The Glass Flower Museum, Harvard
with these make-believe flowers
that don't spout from messy dirt and mud
("I do not want the real narcissus").
The showcases are transparent safes
locking deathless felicity, making you
wish an earth tremor might shake
the glass anthers from that too
impeccable pogonia, a rain squall
splatter the airtight poise of that
aloof cypripedium. The fingernail
of your imagination cracks the stems
of phony succulents of a phony painted
desert that never knew waft of living bee,
or firetongue of the sun.
After you leave, enveloped in
the wet, live heat of actual summer,
sexual, feral, you remember
the bloom time of an ingenuous lily
long ago, proffering fresh nectar
on a livingroom couch, offering
first access to her origin of species:
soft mullein of bared breasts, musk
presence of her tender inflorescence,
her pimpernel eyes that never left yours,
as with great care and tenderness
she combed your pubic tendrils
with fingernails tapered fine
like spines of Opunta.
I love the movements of that poem, from the glass flowers inside the glass cases to the world outdoors and then swiftly inside again to the intense interior with all the compressed opulence of a Persian miniature. I think that everything Edmund felt about language is in that poem.
One of the things I admire about his work is that it does not shy away from the immensity and horrors of history. And Jewish history was both his birthright and his burden. Sometimes in his work both history and natural history come together, as in this poem called "Thoughts Under the Giant Sequoia (Yosemite National Park)" in which the sequoia is the particular one known as "General Grant."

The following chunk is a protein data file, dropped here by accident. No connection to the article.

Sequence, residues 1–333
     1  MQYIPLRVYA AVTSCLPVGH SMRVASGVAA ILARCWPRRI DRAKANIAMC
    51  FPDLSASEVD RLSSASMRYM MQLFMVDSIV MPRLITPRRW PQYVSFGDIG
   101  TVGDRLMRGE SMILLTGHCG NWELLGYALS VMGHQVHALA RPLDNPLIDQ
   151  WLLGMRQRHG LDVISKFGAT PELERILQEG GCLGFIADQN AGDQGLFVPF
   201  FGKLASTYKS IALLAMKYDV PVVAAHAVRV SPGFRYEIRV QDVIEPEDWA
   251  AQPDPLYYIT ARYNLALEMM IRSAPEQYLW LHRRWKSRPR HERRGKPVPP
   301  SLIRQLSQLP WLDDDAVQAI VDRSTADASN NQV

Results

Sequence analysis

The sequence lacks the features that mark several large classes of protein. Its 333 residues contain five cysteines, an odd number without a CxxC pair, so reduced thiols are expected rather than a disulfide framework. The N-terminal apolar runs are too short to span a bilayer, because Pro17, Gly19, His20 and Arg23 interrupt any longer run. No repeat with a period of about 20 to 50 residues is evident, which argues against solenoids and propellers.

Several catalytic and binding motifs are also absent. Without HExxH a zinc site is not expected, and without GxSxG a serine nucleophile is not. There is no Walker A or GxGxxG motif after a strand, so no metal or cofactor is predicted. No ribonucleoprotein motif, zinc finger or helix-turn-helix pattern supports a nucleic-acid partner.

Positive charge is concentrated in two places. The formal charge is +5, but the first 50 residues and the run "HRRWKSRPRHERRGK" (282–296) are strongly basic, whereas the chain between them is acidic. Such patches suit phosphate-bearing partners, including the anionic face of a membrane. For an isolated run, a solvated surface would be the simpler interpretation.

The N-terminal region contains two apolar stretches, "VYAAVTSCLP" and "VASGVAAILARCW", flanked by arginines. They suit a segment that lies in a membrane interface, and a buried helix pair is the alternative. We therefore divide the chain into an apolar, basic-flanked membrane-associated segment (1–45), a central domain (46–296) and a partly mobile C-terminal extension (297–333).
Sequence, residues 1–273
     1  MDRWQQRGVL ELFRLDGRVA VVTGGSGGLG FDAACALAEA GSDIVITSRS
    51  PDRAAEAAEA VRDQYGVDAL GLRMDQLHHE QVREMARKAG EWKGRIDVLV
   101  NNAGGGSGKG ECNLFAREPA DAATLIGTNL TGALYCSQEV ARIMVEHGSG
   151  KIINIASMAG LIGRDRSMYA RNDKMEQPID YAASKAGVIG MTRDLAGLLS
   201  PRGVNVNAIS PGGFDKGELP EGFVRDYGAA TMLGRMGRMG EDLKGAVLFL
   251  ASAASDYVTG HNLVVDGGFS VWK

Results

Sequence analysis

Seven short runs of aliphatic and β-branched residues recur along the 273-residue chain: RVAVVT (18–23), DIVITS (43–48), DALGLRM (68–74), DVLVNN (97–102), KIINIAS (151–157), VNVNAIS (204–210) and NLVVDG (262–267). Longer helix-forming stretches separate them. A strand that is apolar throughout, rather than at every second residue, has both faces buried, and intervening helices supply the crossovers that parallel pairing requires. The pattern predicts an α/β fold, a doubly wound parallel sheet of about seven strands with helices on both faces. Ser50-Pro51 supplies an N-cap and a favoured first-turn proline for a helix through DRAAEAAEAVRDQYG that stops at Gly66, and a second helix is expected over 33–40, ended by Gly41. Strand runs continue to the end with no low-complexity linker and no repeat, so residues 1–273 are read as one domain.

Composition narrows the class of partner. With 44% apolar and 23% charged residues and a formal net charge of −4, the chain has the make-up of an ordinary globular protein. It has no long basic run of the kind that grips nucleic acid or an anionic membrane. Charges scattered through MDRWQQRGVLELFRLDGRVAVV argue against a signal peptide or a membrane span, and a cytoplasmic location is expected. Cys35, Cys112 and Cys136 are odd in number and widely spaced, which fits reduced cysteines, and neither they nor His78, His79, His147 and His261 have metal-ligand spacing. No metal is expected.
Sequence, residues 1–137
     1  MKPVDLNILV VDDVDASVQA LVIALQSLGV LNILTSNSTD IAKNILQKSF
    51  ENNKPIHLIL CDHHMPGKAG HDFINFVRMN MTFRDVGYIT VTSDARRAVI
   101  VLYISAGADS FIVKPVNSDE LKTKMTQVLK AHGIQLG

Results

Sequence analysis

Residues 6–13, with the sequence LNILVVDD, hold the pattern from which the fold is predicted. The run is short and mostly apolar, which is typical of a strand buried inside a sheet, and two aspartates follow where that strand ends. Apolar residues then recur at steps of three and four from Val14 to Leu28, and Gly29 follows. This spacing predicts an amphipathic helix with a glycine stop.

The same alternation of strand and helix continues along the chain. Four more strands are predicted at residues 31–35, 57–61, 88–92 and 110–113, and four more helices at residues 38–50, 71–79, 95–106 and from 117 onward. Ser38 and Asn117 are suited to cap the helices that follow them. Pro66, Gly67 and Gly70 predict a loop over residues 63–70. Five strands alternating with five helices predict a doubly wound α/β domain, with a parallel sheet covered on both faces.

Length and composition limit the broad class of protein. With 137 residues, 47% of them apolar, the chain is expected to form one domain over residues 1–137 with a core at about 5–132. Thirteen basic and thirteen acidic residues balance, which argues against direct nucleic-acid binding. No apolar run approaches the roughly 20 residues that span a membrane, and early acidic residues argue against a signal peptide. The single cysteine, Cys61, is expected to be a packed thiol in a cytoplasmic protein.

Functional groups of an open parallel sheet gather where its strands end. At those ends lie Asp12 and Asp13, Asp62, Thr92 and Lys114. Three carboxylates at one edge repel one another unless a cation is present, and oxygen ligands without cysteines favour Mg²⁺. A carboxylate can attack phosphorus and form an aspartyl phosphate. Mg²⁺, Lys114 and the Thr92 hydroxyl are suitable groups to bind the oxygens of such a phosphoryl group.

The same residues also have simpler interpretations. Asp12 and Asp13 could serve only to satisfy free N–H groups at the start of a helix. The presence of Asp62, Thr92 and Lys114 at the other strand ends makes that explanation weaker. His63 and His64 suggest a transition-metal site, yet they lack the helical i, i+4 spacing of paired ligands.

Thoughts Under the Giant Sequoia
gathers under "General Grant"
for the ranger's lecture. This patriarch
is at least two dozen centuries old,
a loner in a corner of the grove.
The general has heard the talk before.
It will not be about death's durance
inherent in the living, a subject
Grant could respect. It will not be
about strategies of attrition or political
whims of lightning lopping giants as if
they were dwarf skirmishers on the treeline.
The ranger—a romantic—commends us
to the lordly scene, citing
"silence of cathedrals"
which phrase we noted that morning
in the free brochure, pages made
from pulp of little brothers.
Thence to the usual chronicles building out
from natal core to delicate cambrium:
William the Conqueror here, Charlemagne
and Columbus there, each to his ring concentric.
No mention, though, of the Massacre at York
of the Jews, while the tree was sleeping.
Francis Parkman and Emanuel Ringelblum:
there's a pair who took their scholarship al fresco.
One, pain-wracked on horseback, dared Indians
and forests, recapturing Pontiac's despair. The other,
historian of the Warsaw ghetto, buried his diaries
in iron boxes before they took him in a bunker.
In what monstrosity of treetrunk, I wonder,
are all those martyrs marked, who died for
the Sanctification of the Name, unnamed?
Some day I'll come back alone and listen,